In recent years, countless talk shows, news documentaries and celebrities have called attention to the inhumane conditions in puppy mills. As if this environment isn’t bad enough, a new study shows that the effects of these facilities extends far beyond the dirty kennels and rampant illness.
The animal welfare organization, Best Friends Animal Society, teamed up with veterinarians, James Serpell and Deborah Duffy of the University of Pennsylvania School of Veterinary Medicine on a study that looked at the psychological effects of dogs in large-scale commercial breeding operations  (aka, puppy mills). Their research found that puppy mill dogs struggled long after leaving the facility.
The Best Friends–UPenn study is the first to compare the psychological and behavioral characteristics of over 1,000 puppy mill dogs with pets acquired from other sources. The findings showed significantly elevated fear levels, compulsive behaviors, house soiling and a heightened sensitivity to being touched.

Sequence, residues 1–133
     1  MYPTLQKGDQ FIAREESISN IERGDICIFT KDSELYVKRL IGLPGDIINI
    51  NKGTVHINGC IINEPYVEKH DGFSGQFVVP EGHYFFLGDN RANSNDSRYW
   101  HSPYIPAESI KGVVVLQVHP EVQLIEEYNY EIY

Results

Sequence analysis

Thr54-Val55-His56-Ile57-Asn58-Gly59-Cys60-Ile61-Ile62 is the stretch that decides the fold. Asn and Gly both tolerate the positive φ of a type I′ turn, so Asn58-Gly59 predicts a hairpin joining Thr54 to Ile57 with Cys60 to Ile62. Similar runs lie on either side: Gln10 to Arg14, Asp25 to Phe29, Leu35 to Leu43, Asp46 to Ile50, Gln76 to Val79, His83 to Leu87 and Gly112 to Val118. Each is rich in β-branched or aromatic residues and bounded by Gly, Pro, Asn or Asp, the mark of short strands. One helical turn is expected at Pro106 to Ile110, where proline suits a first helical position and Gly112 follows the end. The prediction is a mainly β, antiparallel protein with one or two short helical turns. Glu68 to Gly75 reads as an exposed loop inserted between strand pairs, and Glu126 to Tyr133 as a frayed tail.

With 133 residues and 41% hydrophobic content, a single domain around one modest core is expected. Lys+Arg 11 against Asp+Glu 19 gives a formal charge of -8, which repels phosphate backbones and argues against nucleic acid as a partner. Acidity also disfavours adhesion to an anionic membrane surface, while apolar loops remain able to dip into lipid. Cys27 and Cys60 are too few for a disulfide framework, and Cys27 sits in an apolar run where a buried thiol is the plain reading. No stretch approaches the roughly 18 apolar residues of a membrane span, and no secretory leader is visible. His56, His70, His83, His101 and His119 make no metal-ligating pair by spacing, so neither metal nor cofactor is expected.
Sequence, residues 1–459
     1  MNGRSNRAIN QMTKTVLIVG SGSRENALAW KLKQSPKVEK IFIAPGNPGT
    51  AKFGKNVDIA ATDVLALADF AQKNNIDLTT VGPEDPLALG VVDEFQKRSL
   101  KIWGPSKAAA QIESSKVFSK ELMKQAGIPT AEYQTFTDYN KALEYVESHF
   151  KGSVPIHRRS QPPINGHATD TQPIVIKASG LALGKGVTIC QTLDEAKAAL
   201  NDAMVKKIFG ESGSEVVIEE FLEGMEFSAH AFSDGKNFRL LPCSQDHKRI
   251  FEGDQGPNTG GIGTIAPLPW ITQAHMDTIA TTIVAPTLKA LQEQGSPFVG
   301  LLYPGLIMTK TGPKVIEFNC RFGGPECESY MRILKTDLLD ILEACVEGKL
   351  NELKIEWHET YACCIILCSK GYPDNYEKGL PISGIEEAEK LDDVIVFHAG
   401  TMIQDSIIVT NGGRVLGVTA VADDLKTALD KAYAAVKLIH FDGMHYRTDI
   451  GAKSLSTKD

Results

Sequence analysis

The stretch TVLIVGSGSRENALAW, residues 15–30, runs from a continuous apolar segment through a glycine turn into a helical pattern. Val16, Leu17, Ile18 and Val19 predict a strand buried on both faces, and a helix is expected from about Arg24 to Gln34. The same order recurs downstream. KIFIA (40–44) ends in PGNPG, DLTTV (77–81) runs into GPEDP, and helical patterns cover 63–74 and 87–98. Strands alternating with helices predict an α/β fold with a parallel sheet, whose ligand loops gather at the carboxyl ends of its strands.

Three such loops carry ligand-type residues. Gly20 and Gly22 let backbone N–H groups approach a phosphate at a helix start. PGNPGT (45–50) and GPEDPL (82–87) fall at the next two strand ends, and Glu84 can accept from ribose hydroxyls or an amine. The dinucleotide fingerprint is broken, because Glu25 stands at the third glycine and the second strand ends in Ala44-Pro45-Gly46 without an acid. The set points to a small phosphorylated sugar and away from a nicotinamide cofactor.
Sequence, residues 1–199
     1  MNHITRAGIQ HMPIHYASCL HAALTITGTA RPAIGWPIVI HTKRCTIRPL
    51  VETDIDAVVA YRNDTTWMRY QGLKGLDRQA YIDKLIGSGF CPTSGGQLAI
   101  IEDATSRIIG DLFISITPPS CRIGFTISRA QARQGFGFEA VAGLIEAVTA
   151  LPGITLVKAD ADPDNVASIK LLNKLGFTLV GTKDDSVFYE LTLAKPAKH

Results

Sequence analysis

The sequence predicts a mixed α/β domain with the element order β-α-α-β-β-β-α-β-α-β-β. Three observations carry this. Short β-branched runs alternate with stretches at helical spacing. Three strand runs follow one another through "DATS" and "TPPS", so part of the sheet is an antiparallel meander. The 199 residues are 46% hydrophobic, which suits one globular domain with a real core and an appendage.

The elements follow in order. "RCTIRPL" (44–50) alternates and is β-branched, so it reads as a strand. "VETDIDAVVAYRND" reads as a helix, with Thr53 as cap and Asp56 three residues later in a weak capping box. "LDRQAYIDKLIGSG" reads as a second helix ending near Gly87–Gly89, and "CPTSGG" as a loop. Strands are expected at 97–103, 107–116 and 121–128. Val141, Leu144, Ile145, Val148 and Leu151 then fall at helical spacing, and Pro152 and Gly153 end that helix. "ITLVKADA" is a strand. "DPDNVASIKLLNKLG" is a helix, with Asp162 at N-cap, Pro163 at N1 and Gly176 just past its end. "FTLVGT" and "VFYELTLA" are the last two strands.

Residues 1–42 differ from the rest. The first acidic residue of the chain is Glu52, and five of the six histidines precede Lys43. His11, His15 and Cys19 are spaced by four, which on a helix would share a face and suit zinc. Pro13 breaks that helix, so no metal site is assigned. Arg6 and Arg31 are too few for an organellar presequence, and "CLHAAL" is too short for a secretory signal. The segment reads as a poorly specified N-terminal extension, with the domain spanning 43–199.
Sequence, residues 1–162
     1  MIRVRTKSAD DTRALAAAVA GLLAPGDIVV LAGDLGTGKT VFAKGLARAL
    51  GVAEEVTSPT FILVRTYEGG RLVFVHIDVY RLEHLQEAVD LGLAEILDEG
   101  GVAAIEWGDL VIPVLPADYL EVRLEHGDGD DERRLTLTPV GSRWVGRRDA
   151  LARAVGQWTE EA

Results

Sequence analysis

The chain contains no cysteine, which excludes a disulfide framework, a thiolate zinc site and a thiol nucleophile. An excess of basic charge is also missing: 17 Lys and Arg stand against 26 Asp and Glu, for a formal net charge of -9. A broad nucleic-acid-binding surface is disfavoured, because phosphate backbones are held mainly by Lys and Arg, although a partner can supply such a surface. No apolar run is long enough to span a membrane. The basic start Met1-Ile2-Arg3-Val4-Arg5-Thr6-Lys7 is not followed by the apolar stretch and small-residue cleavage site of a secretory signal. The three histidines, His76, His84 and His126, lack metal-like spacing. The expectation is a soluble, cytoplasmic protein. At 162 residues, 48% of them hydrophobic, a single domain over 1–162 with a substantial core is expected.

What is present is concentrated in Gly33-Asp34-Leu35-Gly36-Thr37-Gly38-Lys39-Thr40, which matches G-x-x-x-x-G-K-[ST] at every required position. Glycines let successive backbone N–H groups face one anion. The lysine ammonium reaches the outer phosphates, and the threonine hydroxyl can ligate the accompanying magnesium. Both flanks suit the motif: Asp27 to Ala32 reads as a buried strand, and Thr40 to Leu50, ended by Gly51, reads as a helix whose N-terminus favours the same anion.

I think that the psychological effects are due to two main factors inherent in puppy mills, so legislation aimed at improving conditions wouldn’t make much of a difference in long-term behavior.
First, the puppies are not socialized. A good breeder takes the time to ensure their puppies are familiar with strange sounds, people and environments. Dogs born in a puppy mill only see a cage until they’re purchased.
Second, puppy mills breed dogs without regard to temperament, so many of these pets are already predisposed to fear or compulsive behaviors.
The study is certainly not surprising, but I hope that it will strengthen efforts to ban puppy mills instead of simply regulating conditions.